American “allies” in Syria: their shameful performance is perfectly explainable

[En français]

[The recent American failure to train and equip anti-Assad forces in Syria is not an isolated incident. It is a symptom of a systemic problem. This article, which recently appeared in the Russian press, explains why.]

Yevgeny Krutikov, Vzglyad

The scandal around the “30th Divison,” which was prepared by American trainers for war against Assad, and which immediately surrendered to the Islamist An-Nusra Front as soon as it crossed the border from Turkey, is now resounding around the entire planet. There will be many such scandals. They have been predetermined by the methodology of American training of “allies”—in Syria, in Georgia and in the Ukraine.

Tuesday, September 22, 2015

America's Latest Foreign Policy Fiascos, Part I

[En français]

Some 15 months ago I published a piece on American Foreign Policy Fiascos, in which I summarized the significant negative progress that has been achieved through American involvement in Afghanistan, Iraq and Georgia, among others, and then went on to boldly predict that the Ukraine is likewise going to turn out to be another American foreign policy fiasco. Since then it certainly has turned into one.

US meddling in the Ukraine has produced none of the results it was intended to produce:

• It didn't isolate Russia internationally
• It didn't destroy Russia's economy
• It didn't pull Russia into a futile, unpopular, bloody conflict
• It didn't produce regime change within Russia

Tuesday, September 15, 2015

Trump for Prezz

Steve Cutts
[En français]

Go ahead, elect, appoint, anoint—whatever it is you do with Prezzidents. It won't matter. Because it didn't matter who was President, and will matter even less who plays “The Prezz” on reality TV for the next four years.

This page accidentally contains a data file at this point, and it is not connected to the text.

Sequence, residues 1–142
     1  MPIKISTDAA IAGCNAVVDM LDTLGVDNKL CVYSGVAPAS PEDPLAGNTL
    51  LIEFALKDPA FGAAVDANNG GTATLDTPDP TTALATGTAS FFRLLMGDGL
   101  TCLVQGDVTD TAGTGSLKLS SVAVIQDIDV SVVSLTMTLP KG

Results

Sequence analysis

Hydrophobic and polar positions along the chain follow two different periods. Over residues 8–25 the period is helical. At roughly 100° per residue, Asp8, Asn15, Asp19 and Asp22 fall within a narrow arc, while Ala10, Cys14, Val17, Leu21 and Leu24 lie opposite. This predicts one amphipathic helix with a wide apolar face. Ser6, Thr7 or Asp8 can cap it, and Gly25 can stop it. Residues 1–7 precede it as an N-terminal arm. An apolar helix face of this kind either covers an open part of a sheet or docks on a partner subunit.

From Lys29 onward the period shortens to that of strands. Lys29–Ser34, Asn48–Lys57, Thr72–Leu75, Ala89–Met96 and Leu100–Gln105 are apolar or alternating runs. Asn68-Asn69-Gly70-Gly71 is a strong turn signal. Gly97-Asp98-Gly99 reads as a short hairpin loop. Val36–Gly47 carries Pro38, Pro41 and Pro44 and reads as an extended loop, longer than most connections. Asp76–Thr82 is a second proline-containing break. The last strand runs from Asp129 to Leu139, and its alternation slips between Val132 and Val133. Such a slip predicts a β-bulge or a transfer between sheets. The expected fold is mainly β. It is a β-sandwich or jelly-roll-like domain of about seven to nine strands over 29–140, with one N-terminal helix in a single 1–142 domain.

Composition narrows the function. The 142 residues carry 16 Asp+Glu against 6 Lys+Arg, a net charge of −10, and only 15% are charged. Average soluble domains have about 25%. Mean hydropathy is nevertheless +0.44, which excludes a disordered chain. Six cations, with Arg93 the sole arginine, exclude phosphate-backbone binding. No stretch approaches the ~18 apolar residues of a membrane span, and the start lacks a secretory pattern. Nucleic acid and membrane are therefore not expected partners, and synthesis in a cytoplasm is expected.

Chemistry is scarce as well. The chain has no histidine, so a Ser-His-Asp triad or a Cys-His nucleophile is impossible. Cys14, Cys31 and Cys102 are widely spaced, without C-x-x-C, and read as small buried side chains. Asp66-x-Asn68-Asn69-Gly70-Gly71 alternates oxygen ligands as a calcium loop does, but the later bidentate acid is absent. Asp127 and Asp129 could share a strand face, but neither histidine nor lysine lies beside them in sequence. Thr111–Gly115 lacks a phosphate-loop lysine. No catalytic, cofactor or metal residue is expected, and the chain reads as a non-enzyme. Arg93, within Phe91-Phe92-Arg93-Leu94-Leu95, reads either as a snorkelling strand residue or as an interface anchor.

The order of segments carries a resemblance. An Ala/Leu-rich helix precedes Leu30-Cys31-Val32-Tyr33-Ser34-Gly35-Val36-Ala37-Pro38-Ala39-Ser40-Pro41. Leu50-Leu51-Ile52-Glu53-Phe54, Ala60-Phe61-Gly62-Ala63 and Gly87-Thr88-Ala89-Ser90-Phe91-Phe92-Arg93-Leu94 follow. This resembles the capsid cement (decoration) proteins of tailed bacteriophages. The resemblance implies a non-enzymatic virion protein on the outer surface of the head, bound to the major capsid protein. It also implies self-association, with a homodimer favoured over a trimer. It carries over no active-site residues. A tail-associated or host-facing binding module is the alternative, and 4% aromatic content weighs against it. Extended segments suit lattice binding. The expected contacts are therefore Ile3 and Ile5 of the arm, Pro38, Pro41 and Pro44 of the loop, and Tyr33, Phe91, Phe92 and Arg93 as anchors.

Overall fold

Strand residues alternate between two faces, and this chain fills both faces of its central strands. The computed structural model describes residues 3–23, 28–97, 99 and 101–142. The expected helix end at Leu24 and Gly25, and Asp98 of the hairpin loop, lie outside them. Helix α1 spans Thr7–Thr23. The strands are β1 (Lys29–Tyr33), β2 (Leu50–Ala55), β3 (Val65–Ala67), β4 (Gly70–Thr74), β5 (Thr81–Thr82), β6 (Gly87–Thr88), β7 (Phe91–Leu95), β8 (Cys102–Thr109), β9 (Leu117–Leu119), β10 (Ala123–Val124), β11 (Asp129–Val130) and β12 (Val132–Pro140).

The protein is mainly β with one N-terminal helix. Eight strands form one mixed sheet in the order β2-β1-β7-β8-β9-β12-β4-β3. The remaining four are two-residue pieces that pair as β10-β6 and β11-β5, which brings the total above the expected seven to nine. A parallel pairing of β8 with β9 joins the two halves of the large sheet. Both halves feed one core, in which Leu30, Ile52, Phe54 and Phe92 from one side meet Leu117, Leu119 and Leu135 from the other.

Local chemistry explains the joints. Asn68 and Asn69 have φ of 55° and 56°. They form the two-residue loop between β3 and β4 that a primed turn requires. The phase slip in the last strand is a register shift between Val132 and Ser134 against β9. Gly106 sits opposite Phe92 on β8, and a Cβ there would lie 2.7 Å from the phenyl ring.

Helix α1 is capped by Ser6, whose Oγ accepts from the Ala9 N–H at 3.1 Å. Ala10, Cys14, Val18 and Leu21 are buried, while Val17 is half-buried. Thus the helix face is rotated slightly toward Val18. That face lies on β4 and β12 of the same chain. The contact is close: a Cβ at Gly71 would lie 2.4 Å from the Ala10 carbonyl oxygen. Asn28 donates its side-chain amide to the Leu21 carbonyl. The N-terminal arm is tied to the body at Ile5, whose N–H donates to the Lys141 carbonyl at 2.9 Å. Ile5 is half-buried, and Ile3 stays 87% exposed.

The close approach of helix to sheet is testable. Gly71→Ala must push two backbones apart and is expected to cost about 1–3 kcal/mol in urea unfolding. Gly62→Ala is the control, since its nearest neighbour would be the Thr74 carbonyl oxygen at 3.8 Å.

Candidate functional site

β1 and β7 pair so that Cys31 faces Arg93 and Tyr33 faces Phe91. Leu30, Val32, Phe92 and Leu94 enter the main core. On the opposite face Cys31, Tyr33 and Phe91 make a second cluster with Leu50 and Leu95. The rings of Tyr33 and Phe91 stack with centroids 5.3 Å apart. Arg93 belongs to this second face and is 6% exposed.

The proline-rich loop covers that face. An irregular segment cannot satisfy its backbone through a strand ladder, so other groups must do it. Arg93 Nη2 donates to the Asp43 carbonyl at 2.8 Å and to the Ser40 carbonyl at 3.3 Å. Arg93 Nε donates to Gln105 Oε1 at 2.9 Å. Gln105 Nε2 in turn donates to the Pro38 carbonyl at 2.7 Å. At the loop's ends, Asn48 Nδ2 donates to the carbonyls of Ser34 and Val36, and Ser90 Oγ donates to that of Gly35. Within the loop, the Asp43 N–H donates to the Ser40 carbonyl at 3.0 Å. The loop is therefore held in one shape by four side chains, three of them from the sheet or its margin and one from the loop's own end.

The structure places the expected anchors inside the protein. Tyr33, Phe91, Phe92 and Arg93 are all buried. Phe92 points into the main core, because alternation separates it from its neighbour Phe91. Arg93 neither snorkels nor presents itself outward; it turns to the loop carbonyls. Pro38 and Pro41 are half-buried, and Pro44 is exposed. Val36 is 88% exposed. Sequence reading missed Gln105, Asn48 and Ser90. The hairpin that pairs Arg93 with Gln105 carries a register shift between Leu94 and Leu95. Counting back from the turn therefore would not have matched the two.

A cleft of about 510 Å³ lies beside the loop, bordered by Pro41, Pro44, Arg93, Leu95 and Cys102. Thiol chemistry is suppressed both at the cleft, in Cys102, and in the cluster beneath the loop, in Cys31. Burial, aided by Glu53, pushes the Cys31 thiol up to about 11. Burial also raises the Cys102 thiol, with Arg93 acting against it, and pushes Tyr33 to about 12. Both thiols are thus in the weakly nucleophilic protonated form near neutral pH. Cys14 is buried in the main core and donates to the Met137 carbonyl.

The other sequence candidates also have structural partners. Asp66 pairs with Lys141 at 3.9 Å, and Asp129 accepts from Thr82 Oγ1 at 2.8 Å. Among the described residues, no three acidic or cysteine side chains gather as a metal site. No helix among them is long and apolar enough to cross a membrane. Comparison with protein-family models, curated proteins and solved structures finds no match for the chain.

Thursday, September 10, 2015

Design Improvements

Over the past month I have spent some 150 hours sailing—moving south for the winter. This has given me plenty of time to rethink some elements of the QUIDNON design, and to introduce a few improvements. While some are purely products of reflection, others resulted from direct experience with a sailboat design which I found to be inadequate. Here, I will explain the changes in prose. I will come up with updated drawings as time allows.


Tuesday, September 08, 2015

The Financial-Industrial Revolution's Origin and Destiny

Mark Bryan
[En français]

The industrial revolution made the modern world. Before it took off in the late eighteenth century, most people in Europe and elsewhere lived sustainably on renewable resources in traditional societies. Such limited energy as was available came from wind (sailboats, windmills), hydropower (waterwheels), wood (heating and cooking fireplaces and stoves), and muscle power (human and animal labor). There was no electricity, little or no heavy machinery, no modern medicine, virtually no appliances or other labor saving devices, and no telecommunication. Travel was laborious and slow. Almost everything had to be made by hand with simple technology. Death and birth rates were high, mostly because of infant mortality.

Imagine a world without fossil fuels or electricity and you begin to come close to what it was like. Life was simpler, to be sure, more natural, anchored in traditional wisdom and reliant on herbal remedies—since widely disparaged—and certainly without the stresses associated with modern life. Ritual and community were strong; most people were embedded in an intense network of social relations.

Monday, September 07, 2015

Eventual Consequences

Mark Bryan
[En français] [Em português]

The US empire has murdered some 40 million people since World War II (according to John Stockwell), has suppressed popular social change in dozens of countries, has overthrown and assassinated their leaders and has organized and trained right-wing death squads that murdered and tortured their citizens. Both Al Qaeda and ISIS are largely US inventions. Meanwhile, the US enjoyed nearly the highest per capita income in the world, peace, harmony, and consumerism for decades—until recently—while sowing chaos abroad. But there have been no negative consequences for the US—until its recent economic decline.